Then Radiant Dawn throws you a curveball when the Black Knight shows up in the woods to protect Micaiah. Suddenly, he is on your side. He is protecting you. He is good... or just complicated enough to not be a blank canvas villain but to have his own wants and ends? He wants Micaiah to rise up and become great. He needs the Maiden of Dawn. And I promptly lost my mind with the possibilities, the thought that villains could be so much more than batches of samey cookies.

this is a very handsome cookie man

Ashera is the final boss of Radiant Dawn, but she isn't the one pulling the strings - Sephiran is the man behind the metaphorical curtain, and heís the one with sway over Zelgius. But Sephiran is always a little suspicious, aloof, and lies to Ike's face - Zelgius doesn't. Zelgius leads a perfect, duplicitous life as himself and the Black Knight, and he's extremely good at what he does - Sephiran might give Zelgius the order, but Zelgius executes it. He is a master at manipulating events - be it openly on a battlefield in Begnion by furthering Chaos, or by pushing Micaiah towards the Daein throne to fill the void Ashnard left. Even early on, he gives Ike the resolve to pursue him by killing Greil (this wasnít planned, but Zelgius seizes every opportunity). He is a master at moulding players into their parts, including the player - the player trusts Zelgius because he is likeable and accommodating, and manages to remain chivalrous even whilst facing off against the laguz alliance.

The hints are dropped from the start as to who the Black Knight is if you bother to go back and look, but it's not an obvious reveal - it's a conclusion the characters draw from Zelgius' slip in fighting Ranulf in both his identities, and as a tactician, of course Ranulf would notice. I certainly didn't see it coming. Ranulf drops the bombshell and it makes sense - the theory is embraced by Ike and the rest. Even then, no one is absolutely sure until the mask comes off.

And Zelgius keeps up his entire charade successfully hiding that he is a Branded. Though never explicitly stated, he has Raven laguz in his bloodline - Ravens specifically known for cunning and deceit, but not for strength. And he is considered stronger than most Beorc. That stereotype he smashes.

Does Zelgius know his desired fight with a strengthened Ike will kill him? It's possible. He's doomed to live a frightfully long time, always alone - and if Tellius is judged, that won't change. This fight is the one thing he desires, and I donít think itís merely a test of his strength against the techniques of his former master. The outcome is his want. But his secrets go with him, and Zelgius remains a villain close to my heart.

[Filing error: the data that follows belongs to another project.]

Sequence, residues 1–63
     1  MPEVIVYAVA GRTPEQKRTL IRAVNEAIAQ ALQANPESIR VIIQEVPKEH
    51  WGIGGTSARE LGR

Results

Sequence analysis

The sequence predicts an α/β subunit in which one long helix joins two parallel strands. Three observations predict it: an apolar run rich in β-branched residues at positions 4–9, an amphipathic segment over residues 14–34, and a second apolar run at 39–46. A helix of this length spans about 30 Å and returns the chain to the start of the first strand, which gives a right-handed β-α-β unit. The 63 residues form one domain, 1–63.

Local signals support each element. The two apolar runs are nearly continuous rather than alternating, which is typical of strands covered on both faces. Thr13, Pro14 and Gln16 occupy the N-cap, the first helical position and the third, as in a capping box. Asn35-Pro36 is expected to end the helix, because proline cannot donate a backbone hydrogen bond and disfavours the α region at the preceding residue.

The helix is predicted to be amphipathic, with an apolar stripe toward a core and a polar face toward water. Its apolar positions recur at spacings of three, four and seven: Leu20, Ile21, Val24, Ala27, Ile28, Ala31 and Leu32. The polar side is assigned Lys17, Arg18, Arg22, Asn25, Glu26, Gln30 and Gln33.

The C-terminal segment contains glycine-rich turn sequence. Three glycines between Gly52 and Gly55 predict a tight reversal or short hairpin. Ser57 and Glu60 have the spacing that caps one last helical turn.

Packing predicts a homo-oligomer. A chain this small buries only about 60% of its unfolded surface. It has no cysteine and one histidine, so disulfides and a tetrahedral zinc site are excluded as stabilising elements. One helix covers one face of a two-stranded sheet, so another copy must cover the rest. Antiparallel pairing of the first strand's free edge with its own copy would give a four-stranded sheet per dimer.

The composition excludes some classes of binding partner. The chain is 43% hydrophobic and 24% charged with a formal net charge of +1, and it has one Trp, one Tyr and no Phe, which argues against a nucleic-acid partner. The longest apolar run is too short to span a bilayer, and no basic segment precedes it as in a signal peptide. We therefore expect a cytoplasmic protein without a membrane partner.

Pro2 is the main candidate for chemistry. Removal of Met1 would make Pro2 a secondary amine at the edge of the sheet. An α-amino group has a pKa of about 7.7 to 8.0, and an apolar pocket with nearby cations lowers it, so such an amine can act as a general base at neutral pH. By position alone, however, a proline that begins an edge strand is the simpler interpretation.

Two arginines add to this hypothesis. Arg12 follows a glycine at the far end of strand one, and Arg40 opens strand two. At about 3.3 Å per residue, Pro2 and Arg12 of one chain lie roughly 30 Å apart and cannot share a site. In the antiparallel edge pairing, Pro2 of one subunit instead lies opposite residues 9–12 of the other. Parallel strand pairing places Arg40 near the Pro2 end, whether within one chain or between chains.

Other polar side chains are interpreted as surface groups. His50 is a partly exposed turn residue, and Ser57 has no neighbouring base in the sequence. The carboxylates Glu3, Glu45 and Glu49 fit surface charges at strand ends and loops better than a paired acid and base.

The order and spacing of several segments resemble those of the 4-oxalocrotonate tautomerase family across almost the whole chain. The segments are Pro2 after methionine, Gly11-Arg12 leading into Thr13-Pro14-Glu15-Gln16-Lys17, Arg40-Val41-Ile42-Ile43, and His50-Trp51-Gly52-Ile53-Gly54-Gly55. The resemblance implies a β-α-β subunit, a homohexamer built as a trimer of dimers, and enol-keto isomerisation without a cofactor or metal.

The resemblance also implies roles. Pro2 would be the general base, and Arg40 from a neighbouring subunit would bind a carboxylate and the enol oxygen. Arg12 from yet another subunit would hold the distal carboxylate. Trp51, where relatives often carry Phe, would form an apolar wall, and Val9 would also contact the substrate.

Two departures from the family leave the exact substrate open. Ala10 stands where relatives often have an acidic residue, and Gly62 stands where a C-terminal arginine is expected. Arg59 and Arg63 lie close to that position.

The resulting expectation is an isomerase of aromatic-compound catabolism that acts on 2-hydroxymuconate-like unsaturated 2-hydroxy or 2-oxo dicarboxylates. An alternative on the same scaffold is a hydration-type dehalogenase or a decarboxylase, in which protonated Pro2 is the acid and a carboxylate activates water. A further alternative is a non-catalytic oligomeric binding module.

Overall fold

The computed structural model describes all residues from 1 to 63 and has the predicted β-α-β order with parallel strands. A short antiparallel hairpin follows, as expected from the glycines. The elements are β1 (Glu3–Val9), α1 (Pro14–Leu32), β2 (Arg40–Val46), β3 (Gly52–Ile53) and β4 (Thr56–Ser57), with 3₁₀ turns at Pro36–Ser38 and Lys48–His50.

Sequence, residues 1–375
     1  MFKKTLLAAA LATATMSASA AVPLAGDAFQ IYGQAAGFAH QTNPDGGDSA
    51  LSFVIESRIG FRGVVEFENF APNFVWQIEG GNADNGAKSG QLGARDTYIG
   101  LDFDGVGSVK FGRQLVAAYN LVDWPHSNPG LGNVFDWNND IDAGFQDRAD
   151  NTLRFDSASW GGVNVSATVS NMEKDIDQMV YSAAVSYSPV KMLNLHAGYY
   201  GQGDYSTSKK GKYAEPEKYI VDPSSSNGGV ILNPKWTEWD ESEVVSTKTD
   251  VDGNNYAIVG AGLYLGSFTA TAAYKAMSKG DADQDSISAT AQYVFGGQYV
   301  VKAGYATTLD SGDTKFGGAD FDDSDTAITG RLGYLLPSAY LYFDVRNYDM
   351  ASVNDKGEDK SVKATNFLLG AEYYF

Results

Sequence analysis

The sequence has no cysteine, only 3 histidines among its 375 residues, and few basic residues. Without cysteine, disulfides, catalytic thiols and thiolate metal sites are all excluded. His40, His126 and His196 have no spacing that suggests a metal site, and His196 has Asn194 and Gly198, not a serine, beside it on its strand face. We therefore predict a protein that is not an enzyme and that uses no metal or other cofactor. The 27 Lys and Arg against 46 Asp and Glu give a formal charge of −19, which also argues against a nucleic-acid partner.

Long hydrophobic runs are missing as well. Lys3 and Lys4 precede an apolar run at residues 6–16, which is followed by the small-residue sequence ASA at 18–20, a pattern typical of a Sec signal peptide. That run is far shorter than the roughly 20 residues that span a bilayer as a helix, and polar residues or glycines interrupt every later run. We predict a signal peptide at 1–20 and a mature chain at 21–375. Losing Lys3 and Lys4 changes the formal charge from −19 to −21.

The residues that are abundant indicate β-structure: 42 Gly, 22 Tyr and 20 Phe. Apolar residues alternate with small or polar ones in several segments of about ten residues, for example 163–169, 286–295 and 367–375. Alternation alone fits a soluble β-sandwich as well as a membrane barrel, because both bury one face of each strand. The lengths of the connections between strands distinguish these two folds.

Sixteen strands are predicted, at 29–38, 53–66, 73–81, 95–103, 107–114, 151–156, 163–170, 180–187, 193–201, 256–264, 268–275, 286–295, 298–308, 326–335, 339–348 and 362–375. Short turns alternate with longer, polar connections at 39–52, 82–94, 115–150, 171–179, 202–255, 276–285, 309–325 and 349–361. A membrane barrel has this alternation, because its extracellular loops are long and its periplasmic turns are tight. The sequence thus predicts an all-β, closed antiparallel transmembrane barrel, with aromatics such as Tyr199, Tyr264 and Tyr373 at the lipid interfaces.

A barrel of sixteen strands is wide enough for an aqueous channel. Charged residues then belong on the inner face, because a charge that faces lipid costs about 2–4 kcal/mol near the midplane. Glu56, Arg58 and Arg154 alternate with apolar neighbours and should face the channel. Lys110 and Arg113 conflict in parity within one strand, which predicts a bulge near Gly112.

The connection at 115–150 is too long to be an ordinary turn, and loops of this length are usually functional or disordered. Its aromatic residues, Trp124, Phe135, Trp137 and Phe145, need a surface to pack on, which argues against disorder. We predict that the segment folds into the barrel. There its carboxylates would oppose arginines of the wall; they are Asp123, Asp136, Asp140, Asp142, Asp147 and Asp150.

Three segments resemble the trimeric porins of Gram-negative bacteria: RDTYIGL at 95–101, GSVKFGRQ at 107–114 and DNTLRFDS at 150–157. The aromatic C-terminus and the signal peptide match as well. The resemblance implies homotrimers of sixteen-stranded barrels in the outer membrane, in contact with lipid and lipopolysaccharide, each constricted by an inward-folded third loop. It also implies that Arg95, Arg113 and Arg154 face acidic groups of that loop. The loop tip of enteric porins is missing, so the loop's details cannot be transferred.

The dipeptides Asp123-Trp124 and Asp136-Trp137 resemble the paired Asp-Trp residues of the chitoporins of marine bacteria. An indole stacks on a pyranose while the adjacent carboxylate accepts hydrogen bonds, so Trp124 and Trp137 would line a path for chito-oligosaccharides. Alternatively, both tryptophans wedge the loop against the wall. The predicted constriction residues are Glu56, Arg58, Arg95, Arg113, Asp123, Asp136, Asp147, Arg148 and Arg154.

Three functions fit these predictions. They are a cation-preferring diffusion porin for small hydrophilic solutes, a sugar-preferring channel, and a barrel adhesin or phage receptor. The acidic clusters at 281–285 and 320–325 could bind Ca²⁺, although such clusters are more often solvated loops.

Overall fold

Oh, yeah, and that Wii I bought? Itís named after him.

It would be wrong of me to say there is nothing I dislike in Tellius, because there is. The lack of supports in Radiant Dawn bothers me to this day, since itís such a fundamental part of what makes Fire Emblem unique in its genre, and the game only really gets away with it by being an immediate sequel. Only the Dawn Brigade suffers without this feature - thereís base conversations, but itís not really the same.

As for my disinterest in the main charactersÖ well, thatís more a personal preference than a criticism. This isnít the character type that works for me, but hey, I can overlook it, especially with everything else so spot-on to what Iím looking for in a videogame.

To close, Tellius is an incredibly exceptional and optional foray. The broad scope to strategy sticks in my mind, as so many chapters have turn limits and optional bosses that you donít have to fight - even if you get more out of them if you do, which pushes you to become a better player. The cast is huge and thereís someone in here for everyone. I have so many good memories, so much fondness and so much more to say, but Iíll relent. Would I play these games again now? Absolutely. One day I will pull out my long neglected Wii and lose hundreds of hours of my life to Tellius all over again, and I look forward to the day that comes. Until then, my heart holds a torch for you somehow, Ike.

And if I was going to recommend anything in Fire Emblem, these games would most certainly be the first. Hopefully Iíve convinced you - please give them a go.

Thatís it. Congratulations, we made it through Tellius! Iím going to go massage my aching fingers or something.

is marth in this game? - shadow dragon